They all lived together

The band lived together in an old falling down building together, which, according to a documentary on Chumbawamba, was known to the neighbors as "the house with weirdos in." It was a red brick building with old farming machinery in the yard. The household had strict rules, including that no meat was allowed in the building. The group already lived together before they made music, but the housemates would eventually become bandmates.

Their home had been a derelict abandoned building, but the group "squatted" in the house communally. While vocalist Dunstan Bruce admitted the place was "an absolute wreck," he explained that it was "trash" when they moved in. The band spent a lot of time and money repairing the house and decorating it in their preferred style. The handmade sign in their home practice room declared: "No war but the class war."

The band didn't just share a house, they shared everything. They worked odd jobs, and whenever one of them was paid, they put it into a communal pot that everyone in the house owned. According to people who knew them at the time, everything, even clothing, was owned by the group, not by any individual. This feeling of communal ownership extended to their music. As guitarist Boff Whalley explained in an interview, they wrote all of their songs collectively.

They started Chumbawamba as a joke

The future members of Chumbawamba were together as an anarchist collective before they ever tried their hands at music – but that didn't stop them from pretending to be a band when the moment came.

Longtime collaborator Simon Lanzon explained in a documentary about the band that he had been trying to put together a musicians' cooperative. The group went to a meeting and when Lanzon asked how many people there were in a band, the group raised their hands "for a laugh." They were punk, however, and everyone believed them. When they were asked to write down their band's name and members, they listed themselves as members and decided they were called "Chimp Eats Banana."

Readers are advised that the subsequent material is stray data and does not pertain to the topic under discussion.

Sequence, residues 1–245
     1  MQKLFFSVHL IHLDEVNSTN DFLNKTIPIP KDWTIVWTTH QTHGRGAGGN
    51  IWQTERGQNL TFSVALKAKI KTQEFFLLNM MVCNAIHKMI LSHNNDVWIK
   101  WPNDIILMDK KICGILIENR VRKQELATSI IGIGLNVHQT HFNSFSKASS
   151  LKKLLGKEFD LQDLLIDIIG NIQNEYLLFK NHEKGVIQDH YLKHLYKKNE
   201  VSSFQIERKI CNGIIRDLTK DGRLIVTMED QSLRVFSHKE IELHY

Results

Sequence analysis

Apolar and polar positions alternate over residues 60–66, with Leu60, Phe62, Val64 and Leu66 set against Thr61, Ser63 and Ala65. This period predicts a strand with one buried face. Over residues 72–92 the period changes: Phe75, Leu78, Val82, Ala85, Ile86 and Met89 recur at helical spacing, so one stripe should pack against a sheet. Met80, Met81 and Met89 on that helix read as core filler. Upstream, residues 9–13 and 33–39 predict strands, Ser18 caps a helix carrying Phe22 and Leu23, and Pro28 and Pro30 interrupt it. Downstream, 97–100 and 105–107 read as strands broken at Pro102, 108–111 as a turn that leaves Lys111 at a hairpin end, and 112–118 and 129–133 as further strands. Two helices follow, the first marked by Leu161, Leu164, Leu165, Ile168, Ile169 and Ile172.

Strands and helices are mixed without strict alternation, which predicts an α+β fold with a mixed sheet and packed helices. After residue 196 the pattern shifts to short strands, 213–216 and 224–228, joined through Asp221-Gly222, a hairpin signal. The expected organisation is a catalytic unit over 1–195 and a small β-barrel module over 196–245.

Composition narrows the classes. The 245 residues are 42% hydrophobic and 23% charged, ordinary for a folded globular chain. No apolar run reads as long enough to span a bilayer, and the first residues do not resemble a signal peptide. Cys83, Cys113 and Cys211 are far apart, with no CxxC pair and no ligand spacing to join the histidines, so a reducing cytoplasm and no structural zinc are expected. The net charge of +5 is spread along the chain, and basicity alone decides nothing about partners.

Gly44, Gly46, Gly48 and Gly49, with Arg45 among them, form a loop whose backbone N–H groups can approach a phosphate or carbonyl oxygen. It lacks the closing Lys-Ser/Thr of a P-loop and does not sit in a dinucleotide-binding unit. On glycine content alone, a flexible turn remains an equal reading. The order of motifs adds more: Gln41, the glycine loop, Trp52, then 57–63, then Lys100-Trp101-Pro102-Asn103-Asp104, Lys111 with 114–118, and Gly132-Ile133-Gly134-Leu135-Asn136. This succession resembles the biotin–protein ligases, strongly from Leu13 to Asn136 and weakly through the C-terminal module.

Shortly after, they got a call confirming that they had a gig in two weeks. No one in the group knew how to play an instrument, so they assigned each other roles almost randomly. They borrowed instruments and played the gig. "With punk you could do that," Whaley explained. "Before that you had to practice. You had to want to be in a band."

Nobody knows what their name means

Even though most people know Chumbawamba from their big hit, the band is also often remembered for their name. There are lots of different stories about what "Chumbawamba" means – and that didn't happen by accident.

The band was officially dubbed "Chumbawamba" in 1982. As described by Jacobin Mag, they initially changed their musical style with every gig (which they apparently sometimes performed with toy instruments). The band also changed their story about the origin of the band's name.

It became a running joke between the bandmates to see who could tell the most ludicrous story about the band's name. In his memoir, Boff Whalley claimed that "Chumbawamba" was an African drumming chant they'd heard busking in Paris. Vocalist Danbert Nobacon said that it came from a dream he had, in which he tried to use a public bathroom, and instead of gender designations, the signs on the doors said "Chumba" and "Wamba." As stated in the episode of "One Hit Wonderland" about "Tubthumping," the name is almost certainly just a nonsense word with no inherent meaning.

They had a sense of humor

"Onstage, I don't think we looked like we were having fun early on," drummer Harry Hamer said in the documentary "Well Done. Now Sod Off." Unlike many of their punk contemporaries, Chumbawamba's approach to political music was snarky and sarcastic.

The band's transformation into a truly political punk band came with Prime Minister Margaret Thatcher's anti-union and anti-worker policies. Guitarist Boff Whalley explained, "Thatcher's attack on social conditions, whether it was work or arts, or whatever was so obvious and so in your face that it meant even the most ignorant of people had to wake up and think, 'ah, it's me. I'm getting attacked.'"